One of the commands God gave the kings of Israel was to copy His law in their own hand. Then they were to keep their copy and read it every day.

This regular reading will prevent him from becoming proud and acting as if he is above his fellow citizens. It will also prevent him from turning away from these commands in the smallest way…” (17:20)

Moses also said that in writing and reading the Law, the king would learn to fear God and learn to obey the instructions.

Here’s a thought: if you are one who says you have trouble understanding Scripture, or have trouble concentrating on what you’re reading, get a notebook and a pen and begin to copy a portion of Scripture in your own hand.

Maybe copy the book of John. Or some psalms. Or copy James or one of Paul’s letters. You might be surprised at how that simple act can help your understanding, and retention of God’s Word.

It was commanded of Old Testament kings. It might be useful for God’s servants in 2022.

But even if it doesn’t help – it certainly can’t hurt!

(John 6:47-59) Eat Your Fill

I bet you think I’m talking about Thanksgiving dinner, right? Wrong. In fact, my thoughts today might cause you to lose your appetite all together.

I gotta be honest. Jesus’ words revealing Himself as the Bread of Life is gross. If a person didn’t know how often Jesus used metaphors and spoke in parables, they would be right to be disgusted by Jesus’ words in this passage. Be warned, my friend, before you turn to John 6.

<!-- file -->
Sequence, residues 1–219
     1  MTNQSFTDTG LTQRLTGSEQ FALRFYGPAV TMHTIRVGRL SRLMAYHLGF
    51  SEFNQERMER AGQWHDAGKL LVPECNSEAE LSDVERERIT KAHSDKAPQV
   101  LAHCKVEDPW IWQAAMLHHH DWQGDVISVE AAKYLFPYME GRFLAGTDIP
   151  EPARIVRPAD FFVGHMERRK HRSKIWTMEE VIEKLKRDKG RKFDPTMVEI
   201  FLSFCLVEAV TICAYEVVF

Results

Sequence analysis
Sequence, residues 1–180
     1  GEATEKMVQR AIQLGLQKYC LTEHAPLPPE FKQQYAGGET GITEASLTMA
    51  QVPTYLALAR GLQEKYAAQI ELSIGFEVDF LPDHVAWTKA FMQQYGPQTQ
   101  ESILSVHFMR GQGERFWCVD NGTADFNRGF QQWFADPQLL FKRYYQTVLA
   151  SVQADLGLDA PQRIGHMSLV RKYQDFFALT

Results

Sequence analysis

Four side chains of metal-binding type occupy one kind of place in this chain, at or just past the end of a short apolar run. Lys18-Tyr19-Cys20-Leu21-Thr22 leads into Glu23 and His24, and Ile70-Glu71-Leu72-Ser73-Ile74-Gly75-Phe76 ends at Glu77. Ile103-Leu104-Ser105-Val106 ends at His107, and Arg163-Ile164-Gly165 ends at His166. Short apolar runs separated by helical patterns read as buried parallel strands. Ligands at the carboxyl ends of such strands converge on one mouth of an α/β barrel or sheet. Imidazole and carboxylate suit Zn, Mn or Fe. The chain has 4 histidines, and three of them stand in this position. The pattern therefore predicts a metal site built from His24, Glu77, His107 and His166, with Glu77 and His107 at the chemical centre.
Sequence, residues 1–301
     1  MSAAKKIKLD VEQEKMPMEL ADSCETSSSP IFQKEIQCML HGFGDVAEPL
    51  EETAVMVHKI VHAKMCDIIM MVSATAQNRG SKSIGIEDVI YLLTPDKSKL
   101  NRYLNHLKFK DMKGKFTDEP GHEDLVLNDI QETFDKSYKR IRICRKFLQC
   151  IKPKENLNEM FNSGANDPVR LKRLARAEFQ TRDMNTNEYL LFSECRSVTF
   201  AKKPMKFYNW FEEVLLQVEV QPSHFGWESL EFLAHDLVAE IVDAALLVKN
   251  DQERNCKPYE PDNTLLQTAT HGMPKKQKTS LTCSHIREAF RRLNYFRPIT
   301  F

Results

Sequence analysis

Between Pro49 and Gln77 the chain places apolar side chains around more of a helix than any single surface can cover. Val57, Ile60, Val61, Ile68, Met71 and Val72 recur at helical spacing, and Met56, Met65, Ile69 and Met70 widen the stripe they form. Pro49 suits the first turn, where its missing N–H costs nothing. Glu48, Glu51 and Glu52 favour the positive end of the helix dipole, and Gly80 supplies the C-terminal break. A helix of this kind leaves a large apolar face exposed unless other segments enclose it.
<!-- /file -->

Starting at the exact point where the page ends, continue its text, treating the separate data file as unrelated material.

But Jesus is not talking about cannibalism. He is not inviting anyone to gnaw on his physical flesh or drink the blood running through His veins here. It is true, however, that people who feed on Him will live forever.

Confused much?

Think about what Jesus is saying while using His body as an example. Being a Jesus-follower isn’t merely a nod at His diety, or acknowledging He is the Savior. Christianity isn’t merely a set of rules to follow, although obedience is certainly proof of being a Christian.

Jesus’ example of eating His flesh and drinking His blood tells me there is something uniquely different about being His. It’s an all-in, total transformation from the inside out. Here’s the correlation: when we eat and drink physical food and water, it enters our bodies and becomes nutrients, calories, energy and makes us healthy and strong. Eating and drinking sustains life.

And that’s what Jesus want to do in us. When we “take Him in,” He becomes our energy, strength, and spiritual health that will help us in this life and take us into eternity. He will transform us from weak, sinful people, into strong and healthy eternal individuals. It’s not about these rundown flesh and blood bodies. It’s about our spirits and souls.

When we ask Jesus to come “into our hearts,” we are asking Him to fill us completely, to become in us what we need for living today and forever. Just like food does for our bodies, Jesus does for our souls.

And Jesus isn’t talking about an occasional taste here. A nibble of food now and then isn’t enough to sustain a physical body. Neither is an occasional connection with Jesus. Read these verses. Jesus is talking about gorging ourselves on Him!

Take a bite. Read His Word. Take another bite and put your trust in Him. Eat some more by spending time with Him, growing in your knowledge and love of Him, allowing Him to transform you, strengthen you, direct your steps so that you look more and more like the One who fills you to overflowing.

Eat your fill. Then eat some more. You can’t get too much Jesus in you!

(Luke 7) Who’s Doubt Is It Anyway?